A strong 7.3 magnitude earthquake shook off the coast near Fukushima, Japan – site of a nuclear disaster in 2011 – late Wednesday, prompting a tsunami alert and knocking out power to more than 2 million customers across the country.
The U.S. National Weather Service said while there is no threat of a tsunami for the U.S. West Coast, British Columbia or Alaska, hazardous tsunami waves remained possible within 186 miles of the quake’s epicenter near Japan.
The Japan Meteorological Agency said the quake struck 36 miles below the sea. The quake shook large parts of eastern Japan, including Tokyo, where buildings shook violently.
The quake hit at 10:36 a.m. ET, the U.S. Geological Survey said.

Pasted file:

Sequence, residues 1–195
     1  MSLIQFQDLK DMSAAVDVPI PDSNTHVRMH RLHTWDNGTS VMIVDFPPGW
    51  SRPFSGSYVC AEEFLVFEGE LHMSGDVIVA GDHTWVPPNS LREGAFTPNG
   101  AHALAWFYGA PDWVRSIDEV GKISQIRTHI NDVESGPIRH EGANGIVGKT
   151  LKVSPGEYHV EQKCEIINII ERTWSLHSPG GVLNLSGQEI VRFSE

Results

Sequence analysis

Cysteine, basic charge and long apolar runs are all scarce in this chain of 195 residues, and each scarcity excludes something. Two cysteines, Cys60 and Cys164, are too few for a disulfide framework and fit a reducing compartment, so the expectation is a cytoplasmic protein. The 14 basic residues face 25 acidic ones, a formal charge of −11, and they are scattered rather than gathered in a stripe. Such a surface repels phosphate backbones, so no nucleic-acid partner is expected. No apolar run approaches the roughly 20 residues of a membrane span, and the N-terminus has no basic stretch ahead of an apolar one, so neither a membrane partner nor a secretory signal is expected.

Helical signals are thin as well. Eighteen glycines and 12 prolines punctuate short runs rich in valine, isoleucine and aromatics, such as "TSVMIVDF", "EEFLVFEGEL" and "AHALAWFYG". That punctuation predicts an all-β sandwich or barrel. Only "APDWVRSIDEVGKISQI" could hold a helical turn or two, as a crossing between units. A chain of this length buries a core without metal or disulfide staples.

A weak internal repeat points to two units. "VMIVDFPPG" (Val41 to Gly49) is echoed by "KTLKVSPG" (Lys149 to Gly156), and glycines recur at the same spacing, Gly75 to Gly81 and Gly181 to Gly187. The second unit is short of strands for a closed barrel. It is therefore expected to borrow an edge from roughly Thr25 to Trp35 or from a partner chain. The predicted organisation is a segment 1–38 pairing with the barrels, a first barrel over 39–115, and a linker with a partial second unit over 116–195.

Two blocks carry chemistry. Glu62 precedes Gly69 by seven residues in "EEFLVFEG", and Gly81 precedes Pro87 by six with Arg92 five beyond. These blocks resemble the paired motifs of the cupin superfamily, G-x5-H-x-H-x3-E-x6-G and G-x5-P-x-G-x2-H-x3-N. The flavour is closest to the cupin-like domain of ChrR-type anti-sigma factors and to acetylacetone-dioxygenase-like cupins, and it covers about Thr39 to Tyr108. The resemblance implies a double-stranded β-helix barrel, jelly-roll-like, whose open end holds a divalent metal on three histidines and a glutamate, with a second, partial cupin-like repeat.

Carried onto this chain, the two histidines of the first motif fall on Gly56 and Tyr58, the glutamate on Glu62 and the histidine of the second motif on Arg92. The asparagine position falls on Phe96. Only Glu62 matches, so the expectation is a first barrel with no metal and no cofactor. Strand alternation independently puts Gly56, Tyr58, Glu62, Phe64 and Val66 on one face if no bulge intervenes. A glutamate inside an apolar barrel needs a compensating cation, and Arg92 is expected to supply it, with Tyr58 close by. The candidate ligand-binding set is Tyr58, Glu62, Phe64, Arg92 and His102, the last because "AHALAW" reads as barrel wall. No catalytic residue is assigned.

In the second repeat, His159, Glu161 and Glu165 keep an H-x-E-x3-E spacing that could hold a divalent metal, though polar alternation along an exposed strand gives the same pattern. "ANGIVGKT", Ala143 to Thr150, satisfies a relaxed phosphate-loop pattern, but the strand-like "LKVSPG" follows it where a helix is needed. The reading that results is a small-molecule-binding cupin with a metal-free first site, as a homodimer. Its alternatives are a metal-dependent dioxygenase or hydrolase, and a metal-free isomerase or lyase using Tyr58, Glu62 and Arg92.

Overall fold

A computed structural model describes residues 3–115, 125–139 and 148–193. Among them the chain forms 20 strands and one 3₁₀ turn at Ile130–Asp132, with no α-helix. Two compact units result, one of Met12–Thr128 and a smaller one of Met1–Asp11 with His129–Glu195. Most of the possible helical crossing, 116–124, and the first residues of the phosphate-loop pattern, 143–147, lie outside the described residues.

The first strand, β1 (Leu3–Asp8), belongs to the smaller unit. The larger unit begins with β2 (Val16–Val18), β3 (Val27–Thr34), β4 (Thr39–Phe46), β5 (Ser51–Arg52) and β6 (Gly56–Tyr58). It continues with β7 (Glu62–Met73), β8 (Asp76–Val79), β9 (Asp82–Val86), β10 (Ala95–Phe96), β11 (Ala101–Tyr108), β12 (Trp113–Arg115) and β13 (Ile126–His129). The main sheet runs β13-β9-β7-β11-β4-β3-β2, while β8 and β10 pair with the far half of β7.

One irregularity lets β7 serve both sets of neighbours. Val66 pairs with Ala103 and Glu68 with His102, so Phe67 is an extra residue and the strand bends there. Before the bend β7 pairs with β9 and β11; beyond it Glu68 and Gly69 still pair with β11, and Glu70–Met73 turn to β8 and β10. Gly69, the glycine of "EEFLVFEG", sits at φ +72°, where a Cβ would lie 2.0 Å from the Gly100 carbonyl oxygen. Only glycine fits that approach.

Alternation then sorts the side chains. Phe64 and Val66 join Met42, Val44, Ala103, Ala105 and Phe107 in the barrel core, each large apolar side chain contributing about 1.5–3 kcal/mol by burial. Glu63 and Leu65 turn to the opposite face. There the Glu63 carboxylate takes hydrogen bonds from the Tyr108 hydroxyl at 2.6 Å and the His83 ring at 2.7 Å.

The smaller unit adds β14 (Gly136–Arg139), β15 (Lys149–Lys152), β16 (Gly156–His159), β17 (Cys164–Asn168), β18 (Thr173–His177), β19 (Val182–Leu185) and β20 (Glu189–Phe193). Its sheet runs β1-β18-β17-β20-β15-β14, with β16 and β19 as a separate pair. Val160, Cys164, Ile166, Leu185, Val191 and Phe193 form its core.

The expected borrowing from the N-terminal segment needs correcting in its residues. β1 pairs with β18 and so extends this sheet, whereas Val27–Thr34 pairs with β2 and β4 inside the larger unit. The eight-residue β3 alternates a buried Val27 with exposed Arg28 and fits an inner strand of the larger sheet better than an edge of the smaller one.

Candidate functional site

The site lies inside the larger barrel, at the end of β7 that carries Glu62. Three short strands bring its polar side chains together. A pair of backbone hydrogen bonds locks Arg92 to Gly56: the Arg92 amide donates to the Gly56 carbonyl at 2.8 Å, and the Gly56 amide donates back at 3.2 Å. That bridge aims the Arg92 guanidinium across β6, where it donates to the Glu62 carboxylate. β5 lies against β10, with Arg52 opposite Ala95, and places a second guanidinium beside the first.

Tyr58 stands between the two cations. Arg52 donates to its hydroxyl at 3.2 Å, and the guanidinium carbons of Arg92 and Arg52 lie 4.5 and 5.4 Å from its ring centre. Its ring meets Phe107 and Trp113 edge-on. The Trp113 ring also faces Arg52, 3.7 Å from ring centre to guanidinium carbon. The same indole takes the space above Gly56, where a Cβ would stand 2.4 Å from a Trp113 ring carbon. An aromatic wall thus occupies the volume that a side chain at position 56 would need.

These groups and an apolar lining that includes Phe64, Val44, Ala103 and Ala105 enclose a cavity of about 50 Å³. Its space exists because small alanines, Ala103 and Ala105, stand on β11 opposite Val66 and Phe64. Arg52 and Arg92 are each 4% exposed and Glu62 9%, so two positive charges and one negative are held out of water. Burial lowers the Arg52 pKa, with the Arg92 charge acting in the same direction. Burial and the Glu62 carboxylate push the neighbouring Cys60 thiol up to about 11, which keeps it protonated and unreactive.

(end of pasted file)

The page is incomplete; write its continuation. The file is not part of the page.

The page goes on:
The region is part of northern Japan that was devastated by a deadly 9.0 magnitude earthquake and tsunami 11 years ago that also caused nuclear plant meltdowns. That quake and tsunami killed more than 22,000 people. Wednesday’s quake came only days after the area marked the 11th anniversary of the disaster in March 2011.
The 2011 earthquake was 9.1 magnitude, some 63 times stronger, and released about 500 times more energy than Wednesday’s quake, CNN reported.
There are no immediate reports of casualties.
Contributing: The Associated Press